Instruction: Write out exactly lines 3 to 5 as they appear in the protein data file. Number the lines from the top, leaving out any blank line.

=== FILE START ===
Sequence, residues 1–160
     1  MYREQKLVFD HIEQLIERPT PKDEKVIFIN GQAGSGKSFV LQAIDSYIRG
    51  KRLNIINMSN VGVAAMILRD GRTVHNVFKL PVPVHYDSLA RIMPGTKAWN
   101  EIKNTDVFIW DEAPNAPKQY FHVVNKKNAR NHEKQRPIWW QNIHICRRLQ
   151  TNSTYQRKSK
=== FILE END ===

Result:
    51  KRLNIINMSN VGVAAMILRD GRTVHNVFKL PVPVHYDSLA RIMPGTKAWN
   101  EIKNTDVFIW DEAPNAPKQY FHVVNKKNAR NHEKQRPIWW QNIHICRRLQ
   151  TNSTYQRKSK